A work led by Phillip Moll’s group from the Max Planck in Hamburg in which we contribute gets published in Nature. This post is adapted from the press release distributed here.
Whether or not an object is indistinguishable from its mirror image has important consequences for its physical behavior. Say you watch a basketball player in a mirror. The ball, the player and their surroundings are, at first glance, just the same in the mirror as in real life. But if observed closely, some details are different. The ball in the player’s right hand now appears in their left hand in the mirror. While the mirror image still shows the same hand, it has clearly changed from a left to a right hand or vice versa. Many other physical objects also have mirror images that differ in a key aspect, just like hands, which is why scientists call them handed or chiral (from Greek χϵρι = hand). Others, like the ball, cannot be distinguished from their mirror image, which makes them achiral.
Chirality is one of the most fundamental geometric properties and plays a special role in biology, chemistry and physics. It can cause surprising effects: One version of the carvone molecule, for example, produces a spearmint smell but its chiral – mirrored – equivalent smells of caraway.
In material science, one distinguishes between crystals in which the periodic arrangement of the atoms is chiral or not. If it is, the electrons and electric currents flowing within it must also differ somehow from their mirror image, a property that can lead to exotic responses and novel applications. One example is a diode-like effect where the electric currents flowing from left to right are different from those flowing right to left, a property called electronic magneto-chiral anisotropy (eMChA). So far, this phenomenon has only been found in structurally chiral crystals.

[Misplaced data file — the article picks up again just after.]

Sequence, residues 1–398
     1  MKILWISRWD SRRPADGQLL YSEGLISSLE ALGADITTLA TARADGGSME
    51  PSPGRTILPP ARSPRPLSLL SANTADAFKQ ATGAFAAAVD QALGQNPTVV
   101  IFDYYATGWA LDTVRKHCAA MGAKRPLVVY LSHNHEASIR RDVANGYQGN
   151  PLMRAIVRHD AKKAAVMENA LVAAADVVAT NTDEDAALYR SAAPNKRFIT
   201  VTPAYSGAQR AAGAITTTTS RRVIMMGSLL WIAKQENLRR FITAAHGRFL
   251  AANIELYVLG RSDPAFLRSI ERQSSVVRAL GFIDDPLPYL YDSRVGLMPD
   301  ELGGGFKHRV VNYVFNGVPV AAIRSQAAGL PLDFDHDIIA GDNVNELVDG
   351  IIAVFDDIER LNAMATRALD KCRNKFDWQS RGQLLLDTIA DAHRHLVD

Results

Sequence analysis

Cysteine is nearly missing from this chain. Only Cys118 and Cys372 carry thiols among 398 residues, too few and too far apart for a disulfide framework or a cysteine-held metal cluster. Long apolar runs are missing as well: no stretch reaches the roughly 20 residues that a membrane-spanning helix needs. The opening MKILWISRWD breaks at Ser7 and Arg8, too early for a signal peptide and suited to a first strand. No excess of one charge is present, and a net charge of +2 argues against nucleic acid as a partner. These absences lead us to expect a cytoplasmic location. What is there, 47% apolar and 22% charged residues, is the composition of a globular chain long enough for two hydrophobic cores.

Now, however, an international research team has reported the first observation of this chiral transport in a structurally achiral crystal, the Kagome superconductor CsV3Sb5. Its work has been published in Nature. The team involved scientists from the MPSD and the Max Planck Institute for Chemical Physics of Solids (Germany), EPFL and the University of Zurich in Switzerland, the University of the Basque Country (Spain) and Qingdao University in China.
The quantum puzzle is as simple as it is deep: If the atomic positions in the crystal are just the same as in their mirror image, how is it possible that its electrons are not? Clearly a novel mechanism beyond a simple shape effect as in our hands must be at play. Unlike structural chirality, which is as firmly imprinted in a crystal as it is in a human hand, this new electronic chirality can be switched using magnetic fields. Switchable chirality has never before been observed and may well find its application in future technology.
It is clear that this unusual behavior is directly linked to the strong electronic interactions. The team proposes a model in which the electrons arrange themselves in patterns that violate mirror symmetry, even though the atoms are arranged symmetrically.
CsV3Sb5 is already known for many such interacting electronic structures, such as the formation of an unconventional chiral charge order featuring a tantalizing charge modulation. These chiral electronic structures may rotate spontaneously, causing an orbital magnetic response associated to a behavior known as ‘loop currents‘, as described by C. Mielke et al., Nature 2022.
CsV3Sb5 appears to be a fantastic sandbox to probe correlated quantum phenomena, including the first example of switchable electronic chirality. The next steps include increasing the operational range from cryogenic to room temperature and enhancing the magnitude of this response. Clearly, much more is to come from interacting systems on geometrically frustrated lattices.
Reference: Nature 611, 461 (2022)